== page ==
Feeling anxious about the economy or the direction our country is taking?
Take some cold comfort in knowing that you are not alone. Anxiety seems to be in the air. And Catholics are not immune to it, even though we ask God at each Mass to "protect us from all anxiety."
Trying to understand the intricacies of the impossibly complex business relationships and products that got our economy in this mess, or the long-term consequences of the impossibly large multitrillion dollar bailout intended to fix it, is an exercise in futility.
And then there are the statistics. The federal government reports that 13.2 million people are out of work. Household debt is at unprecedented levels, with 26 million carrying more than $10,000 on credit cards.
A recent Associated Press poll says about half of Americans are afraid of losing their jobs, and two-thirds are at least somewhat worried about paying their bills.
Tragically, Planned Parenthood reports an increase in abortion requests, even from women with planned pregnancies, because of economic hardship. And anecdotal evidence suggests that money troubles are putting a strain on U.S. marriages (though divorce has become an even less economically viable option).
And whether they're linked in any way or not to the economy, the spate of recent mass murders -- cop killings in Pennsylvania and California, the unhinged immigrant's rampage in Binghamton, N.Y., multiple reports of dads killing their families and committing suicide -- adds to the sense that American society is fraying.
Additionally, many Catholics are feeling a sense of helplessness at the president's rolling back of protections for innocent human life and allocation of their tax dollars to fund abortion.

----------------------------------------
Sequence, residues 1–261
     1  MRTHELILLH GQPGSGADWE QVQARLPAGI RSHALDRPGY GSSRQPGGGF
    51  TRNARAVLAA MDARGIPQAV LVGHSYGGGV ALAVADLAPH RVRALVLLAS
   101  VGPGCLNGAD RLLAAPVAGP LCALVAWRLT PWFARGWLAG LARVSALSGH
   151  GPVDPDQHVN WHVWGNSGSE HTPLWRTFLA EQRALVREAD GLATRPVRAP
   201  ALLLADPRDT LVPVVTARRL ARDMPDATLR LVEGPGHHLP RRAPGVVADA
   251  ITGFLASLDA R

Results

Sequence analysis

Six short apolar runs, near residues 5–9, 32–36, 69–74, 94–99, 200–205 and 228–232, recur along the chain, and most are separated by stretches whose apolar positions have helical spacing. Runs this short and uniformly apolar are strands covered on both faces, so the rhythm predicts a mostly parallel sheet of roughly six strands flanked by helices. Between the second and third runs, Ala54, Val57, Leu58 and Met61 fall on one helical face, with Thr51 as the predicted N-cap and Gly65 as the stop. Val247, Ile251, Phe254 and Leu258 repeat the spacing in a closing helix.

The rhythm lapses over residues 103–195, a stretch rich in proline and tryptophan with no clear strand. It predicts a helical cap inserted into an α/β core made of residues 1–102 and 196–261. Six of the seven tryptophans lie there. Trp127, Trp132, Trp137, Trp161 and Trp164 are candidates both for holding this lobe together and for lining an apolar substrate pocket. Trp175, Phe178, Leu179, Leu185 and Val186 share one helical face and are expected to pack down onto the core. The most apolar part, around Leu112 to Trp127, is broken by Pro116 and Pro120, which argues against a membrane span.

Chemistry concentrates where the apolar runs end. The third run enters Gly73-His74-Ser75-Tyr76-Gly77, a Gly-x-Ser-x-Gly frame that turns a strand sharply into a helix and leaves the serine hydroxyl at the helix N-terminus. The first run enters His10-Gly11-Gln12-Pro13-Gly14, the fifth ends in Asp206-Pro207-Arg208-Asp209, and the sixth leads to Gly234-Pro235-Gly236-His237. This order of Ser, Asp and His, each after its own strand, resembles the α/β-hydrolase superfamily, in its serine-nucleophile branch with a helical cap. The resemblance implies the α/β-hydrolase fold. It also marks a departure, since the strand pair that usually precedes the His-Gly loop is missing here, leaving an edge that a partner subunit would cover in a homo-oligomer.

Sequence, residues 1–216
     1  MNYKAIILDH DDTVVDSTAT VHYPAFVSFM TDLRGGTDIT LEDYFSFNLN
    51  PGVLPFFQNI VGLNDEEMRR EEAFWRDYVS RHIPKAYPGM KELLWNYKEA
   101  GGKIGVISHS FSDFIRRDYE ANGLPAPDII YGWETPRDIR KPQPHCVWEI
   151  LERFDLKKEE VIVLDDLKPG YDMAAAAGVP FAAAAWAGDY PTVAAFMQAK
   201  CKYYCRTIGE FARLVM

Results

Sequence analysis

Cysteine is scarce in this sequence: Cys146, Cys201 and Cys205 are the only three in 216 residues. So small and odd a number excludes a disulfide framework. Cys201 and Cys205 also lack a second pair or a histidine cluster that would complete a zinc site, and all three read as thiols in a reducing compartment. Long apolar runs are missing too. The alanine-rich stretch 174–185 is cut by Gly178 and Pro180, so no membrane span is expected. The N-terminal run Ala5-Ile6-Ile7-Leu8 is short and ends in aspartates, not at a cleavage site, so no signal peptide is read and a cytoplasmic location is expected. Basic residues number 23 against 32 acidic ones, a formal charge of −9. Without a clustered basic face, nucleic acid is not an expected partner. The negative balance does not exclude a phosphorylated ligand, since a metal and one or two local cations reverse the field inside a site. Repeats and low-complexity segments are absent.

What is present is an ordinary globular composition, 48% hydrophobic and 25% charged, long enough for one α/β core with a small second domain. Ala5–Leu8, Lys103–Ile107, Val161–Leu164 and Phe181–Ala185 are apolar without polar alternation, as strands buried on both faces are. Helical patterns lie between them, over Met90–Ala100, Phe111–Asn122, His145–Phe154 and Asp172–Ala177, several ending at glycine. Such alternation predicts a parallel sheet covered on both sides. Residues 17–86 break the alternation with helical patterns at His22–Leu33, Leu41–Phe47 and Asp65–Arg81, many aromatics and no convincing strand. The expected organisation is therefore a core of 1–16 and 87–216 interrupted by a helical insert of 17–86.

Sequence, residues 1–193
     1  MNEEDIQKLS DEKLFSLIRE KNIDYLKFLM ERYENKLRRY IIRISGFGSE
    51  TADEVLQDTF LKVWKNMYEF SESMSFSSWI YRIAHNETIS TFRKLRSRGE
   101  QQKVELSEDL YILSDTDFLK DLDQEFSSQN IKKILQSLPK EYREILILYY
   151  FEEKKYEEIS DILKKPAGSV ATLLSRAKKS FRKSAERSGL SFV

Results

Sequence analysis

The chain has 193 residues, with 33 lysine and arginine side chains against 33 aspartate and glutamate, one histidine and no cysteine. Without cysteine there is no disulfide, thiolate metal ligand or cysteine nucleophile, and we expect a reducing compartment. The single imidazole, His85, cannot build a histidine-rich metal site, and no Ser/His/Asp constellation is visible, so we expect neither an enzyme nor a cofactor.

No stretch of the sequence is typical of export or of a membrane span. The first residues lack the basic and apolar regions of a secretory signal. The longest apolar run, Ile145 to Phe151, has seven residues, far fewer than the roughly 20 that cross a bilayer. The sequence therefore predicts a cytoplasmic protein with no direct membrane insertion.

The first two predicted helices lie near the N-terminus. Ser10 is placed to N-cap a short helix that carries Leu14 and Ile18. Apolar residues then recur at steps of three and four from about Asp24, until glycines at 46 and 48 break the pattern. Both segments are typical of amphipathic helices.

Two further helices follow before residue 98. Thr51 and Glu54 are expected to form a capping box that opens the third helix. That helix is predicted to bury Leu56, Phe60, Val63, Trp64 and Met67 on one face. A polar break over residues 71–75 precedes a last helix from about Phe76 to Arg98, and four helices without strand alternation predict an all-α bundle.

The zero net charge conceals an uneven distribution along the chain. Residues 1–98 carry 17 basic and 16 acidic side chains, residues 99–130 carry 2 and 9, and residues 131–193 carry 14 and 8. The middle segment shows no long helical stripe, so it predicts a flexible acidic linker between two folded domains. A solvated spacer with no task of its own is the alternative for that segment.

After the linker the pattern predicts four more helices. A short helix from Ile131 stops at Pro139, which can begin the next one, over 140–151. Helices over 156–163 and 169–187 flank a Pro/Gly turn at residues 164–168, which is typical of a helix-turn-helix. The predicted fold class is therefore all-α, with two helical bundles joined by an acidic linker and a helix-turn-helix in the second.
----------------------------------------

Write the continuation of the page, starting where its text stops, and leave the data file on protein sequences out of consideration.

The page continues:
Tempting as it may be, it is not an option to pull the covers back over our heads and ignore it all. This is not a time for retreat.
Our biggest consolation, especially in this Easter season, is the secure knowledge of Christ's victory over death. We know the ending to the story of world history -- the good guys win.
It is also a very warm comfort, especially on this Divine Mercy Sunday, to reflect on God's persistent love for us and all humanity, despite our weaknesses and failings.
So what is the anxiety antidote? The root of the word "anxiety" is a Latin word that means "to choke," and narrowness and tightness of the throat. Experience and the long tradition of the Church's spiritual masters and saints attest that that constriction can be melted by cultivating a thankful and generous heart.
Commenting on the global economic crisis, Pope Benedict XVI recently told a gathering of priests in Rome: "Justice ... requires the presence of just people. And just people don't exist without the humble, daily work of conversion of hearts."
Here are three suggestions to banish anxiety for good:
First, spend more time in daily prayer, especially in silence before God.
Second, pay more attention to the needs of your family and those who live with you.
Third, plug into your parish and its apostolates (or help start one). Carry meals to the sick, provide assistance to women in crisis pregnancies, do errands for the elderly.
In the face of seemingly insurmountable difficulties, it is worth listening to the wisdom of Mother Teresa: "Do not wait for leaders; do it alone, person to person." Therein lies Christ's own peace and joy.
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